Again, I selflessly offer valuable hints on how to grasp the majesty of these jokes, invaluable for those unfortunate enough not to be of British origin.
Sir Ken Dodd was an anarchic, energetic comedian with his roots in the music hall and Liverpool, albeit with a touch of the Surreal about him. Margaret Thatcher was an unlikely fan. Bernard Leach (potter) and Barbara Hepworth (sculptor) were near neighbours for many years in St Ives, their modernist good taste positively suffocating. Painter Patrick Herron was another neighbour and friend. The legendary Clement Greenberg went to visit them; and I like the notion of him gulping down a Cornish pasty.
Across the pond, the original version of ‘Nobody’s Child’ was by US country legend Hank Snow; a mawkish cover by Karen Young was a big British hit in 1969. At school, I would sing it word (and note) perfect, nude, in the changing room after swimming, oblivious to the jeers from vulgar boys. For a hefty fee, I am willing to stage a comeback appearance…
What did Clement Greenberg say to the angry St Ives School critic attacking the Ab Ex’s as charlatans?
Keep your Herron.
What was Sir William Orpen’s favourite pop song?
Who is the Newnham College, Cambridge, First VIII captain who proudly traces her ancestry back to a great architect?
Miss van de Rower, and it’s now the First IV because fewer are more!
Two good UK car registration numbers for feminist art historians:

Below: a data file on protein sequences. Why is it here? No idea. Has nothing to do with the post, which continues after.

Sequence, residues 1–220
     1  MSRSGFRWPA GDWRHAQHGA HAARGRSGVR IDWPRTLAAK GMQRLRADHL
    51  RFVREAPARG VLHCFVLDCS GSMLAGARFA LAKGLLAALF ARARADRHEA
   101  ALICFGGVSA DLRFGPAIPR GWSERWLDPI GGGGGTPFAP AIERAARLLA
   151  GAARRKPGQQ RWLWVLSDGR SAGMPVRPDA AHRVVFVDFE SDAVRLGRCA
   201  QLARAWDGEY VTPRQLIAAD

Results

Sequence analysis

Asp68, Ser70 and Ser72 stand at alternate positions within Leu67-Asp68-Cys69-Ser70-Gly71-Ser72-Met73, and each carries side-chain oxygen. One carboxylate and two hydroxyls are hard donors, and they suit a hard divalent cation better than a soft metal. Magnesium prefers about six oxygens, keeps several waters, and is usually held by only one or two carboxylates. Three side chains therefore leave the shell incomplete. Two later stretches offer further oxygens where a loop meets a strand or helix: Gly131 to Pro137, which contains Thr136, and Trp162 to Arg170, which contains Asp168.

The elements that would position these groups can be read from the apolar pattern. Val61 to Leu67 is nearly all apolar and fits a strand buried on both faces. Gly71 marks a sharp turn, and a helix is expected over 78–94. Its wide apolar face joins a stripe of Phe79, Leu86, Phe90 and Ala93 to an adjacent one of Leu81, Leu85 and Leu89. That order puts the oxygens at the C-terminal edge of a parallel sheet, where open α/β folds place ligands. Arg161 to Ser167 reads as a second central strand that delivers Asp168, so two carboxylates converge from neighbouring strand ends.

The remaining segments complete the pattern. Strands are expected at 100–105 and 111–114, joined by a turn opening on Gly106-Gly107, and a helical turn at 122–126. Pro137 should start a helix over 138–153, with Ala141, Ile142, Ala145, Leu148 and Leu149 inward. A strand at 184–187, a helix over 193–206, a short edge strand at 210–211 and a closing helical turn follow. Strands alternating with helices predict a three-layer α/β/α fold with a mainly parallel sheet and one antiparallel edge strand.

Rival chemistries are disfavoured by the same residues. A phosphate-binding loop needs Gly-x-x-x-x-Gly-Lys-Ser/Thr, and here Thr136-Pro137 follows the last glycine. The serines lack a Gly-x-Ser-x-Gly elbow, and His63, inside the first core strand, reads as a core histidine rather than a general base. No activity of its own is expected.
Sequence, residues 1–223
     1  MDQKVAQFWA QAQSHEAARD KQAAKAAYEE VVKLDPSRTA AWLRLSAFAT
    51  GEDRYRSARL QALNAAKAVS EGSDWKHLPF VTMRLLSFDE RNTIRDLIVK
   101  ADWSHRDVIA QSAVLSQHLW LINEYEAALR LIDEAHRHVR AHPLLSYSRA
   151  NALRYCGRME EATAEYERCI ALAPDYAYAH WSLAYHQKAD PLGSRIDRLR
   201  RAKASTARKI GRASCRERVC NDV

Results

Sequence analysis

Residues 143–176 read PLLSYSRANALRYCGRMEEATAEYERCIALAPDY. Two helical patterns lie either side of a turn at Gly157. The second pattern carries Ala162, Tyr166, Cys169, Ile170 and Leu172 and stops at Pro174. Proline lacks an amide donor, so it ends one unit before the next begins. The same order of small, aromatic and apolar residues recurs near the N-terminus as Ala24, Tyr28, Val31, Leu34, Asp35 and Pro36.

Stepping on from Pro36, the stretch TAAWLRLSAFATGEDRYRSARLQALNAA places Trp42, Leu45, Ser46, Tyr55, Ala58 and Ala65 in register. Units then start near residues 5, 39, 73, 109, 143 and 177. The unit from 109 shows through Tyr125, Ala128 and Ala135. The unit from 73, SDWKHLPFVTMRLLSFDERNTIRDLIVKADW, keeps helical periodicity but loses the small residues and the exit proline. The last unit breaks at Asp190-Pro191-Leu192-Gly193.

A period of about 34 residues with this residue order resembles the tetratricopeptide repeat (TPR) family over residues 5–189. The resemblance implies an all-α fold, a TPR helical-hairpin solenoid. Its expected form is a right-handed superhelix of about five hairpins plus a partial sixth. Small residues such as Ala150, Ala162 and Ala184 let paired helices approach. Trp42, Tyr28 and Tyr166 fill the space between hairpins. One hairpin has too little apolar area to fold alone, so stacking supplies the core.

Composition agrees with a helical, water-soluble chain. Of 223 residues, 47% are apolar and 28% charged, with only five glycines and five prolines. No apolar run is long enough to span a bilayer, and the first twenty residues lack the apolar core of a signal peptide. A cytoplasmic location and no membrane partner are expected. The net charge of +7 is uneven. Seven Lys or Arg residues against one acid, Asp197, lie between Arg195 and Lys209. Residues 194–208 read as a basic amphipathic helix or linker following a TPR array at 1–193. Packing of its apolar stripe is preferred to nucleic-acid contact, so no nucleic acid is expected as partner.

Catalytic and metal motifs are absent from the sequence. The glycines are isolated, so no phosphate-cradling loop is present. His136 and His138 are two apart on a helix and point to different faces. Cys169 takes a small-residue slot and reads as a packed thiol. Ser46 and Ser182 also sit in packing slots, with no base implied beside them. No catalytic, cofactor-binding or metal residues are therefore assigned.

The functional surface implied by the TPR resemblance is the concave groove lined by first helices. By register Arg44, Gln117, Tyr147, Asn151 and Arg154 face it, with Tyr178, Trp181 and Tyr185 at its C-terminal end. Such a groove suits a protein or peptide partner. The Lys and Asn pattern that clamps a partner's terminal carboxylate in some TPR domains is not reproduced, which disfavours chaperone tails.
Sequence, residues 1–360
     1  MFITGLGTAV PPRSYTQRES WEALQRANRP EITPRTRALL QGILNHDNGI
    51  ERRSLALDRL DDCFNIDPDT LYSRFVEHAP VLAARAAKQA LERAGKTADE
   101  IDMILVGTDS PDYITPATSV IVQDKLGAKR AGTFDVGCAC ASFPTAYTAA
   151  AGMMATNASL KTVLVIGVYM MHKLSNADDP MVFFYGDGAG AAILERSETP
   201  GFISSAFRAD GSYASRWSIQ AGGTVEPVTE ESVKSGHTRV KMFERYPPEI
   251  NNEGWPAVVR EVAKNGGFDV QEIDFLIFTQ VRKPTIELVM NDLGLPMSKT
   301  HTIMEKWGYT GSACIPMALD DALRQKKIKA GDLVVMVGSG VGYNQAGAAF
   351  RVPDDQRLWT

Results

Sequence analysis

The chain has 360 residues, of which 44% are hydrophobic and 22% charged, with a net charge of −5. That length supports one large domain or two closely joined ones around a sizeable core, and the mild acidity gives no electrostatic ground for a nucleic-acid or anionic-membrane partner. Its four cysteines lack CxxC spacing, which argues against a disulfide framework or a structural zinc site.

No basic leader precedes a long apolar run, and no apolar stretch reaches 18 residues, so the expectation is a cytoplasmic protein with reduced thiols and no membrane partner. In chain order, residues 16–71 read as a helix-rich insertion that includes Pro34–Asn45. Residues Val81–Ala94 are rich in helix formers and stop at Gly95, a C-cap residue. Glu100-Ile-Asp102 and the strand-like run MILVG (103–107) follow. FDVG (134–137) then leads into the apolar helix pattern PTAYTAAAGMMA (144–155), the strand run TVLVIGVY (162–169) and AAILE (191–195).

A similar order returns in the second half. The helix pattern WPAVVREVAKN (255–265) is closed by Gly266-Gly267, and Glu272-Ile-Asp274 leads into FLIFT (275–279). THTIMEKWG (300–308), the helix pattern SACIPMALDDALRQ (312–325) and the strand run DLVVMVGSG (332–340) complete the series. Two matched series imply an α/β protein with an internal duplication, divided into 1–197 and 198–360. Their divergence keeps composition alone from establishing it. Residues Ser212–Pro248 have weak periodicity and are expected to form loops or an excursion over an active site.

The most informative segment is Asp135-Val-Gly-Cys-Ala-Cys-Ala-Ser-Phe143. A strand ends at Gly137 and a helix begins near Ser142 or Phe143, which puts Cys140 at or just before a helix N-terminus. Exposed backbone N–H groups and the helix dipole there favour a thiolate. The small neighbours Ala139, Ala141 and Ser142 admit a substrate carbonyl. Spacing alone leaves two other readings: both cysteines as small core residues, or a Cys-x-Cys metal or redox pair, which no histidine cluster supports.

And one for a gothic revivalist:
Surprising as it may seem, Bernard Berenson was a big fan of Ken Dodd. This was reflected in the farewell greeting he would invariably dispense to visitors to his opulent Tuscan villa:
“Tatti-bye, everybody, Tatti-bye!”
Dr Stocker’s admonition to Van Gogh’s rather glum Potato Eaters:
Hey, cheer up guys, those are great organic, freshly dug Jersey Bennies, and you’ve got crème brûlée for afters! (Mark Stocker is a Van Gogh fan, but Vincent van Gogh was a great painter).
What did the Telegraph book reviewer call the Marxist art historian T.J. Clark?
The Absolute Bore.
How would you describe the intellectual condition of a Berkeley art history student on their Italian Summer School Semester, c. 1968–69?
Ruskinian, i.e. Stoned in Venice.
What is the name of Lucian’s masterpiece of a young lady in her underwear?
A Freudian Slip.
Conversation between two doctoral students of Abstract Expressionism:
‘This painting is black and white and red all over.’
“Well, it’s a bleeding Kline, innit?!”
Barbara Hepworth to Bernard Leach:
“So, whassup today, Bernie?”
“Just pottering around!”
It’s Christmas in Berlin, 1913. What does Santa say to Kirchner’s street-walkers? Ho! Ho! Ho!
MOMA’s new head of Comms, naturally a great Greenberg admirer and foodie, has just come up with a winning new promo slogan:
MOMA: Avant-Garde and Quiche!
Dr Mark Stocker is a former academic and art curator who lives in New Zealand. Besides his jokes, he has 230 marginally more serious publications, many of which are on Victorian public monuments, numismatics and New Zealand art. His book When Britain Went Decimal: The Coinage of 1971 will be published by the Royal Mint in 2021.
The featured image shows, “Selbstbildnis, lachend” (Self-portrait, Laughing) by Richard Gerstl, paintedsummer/autumn, 1907.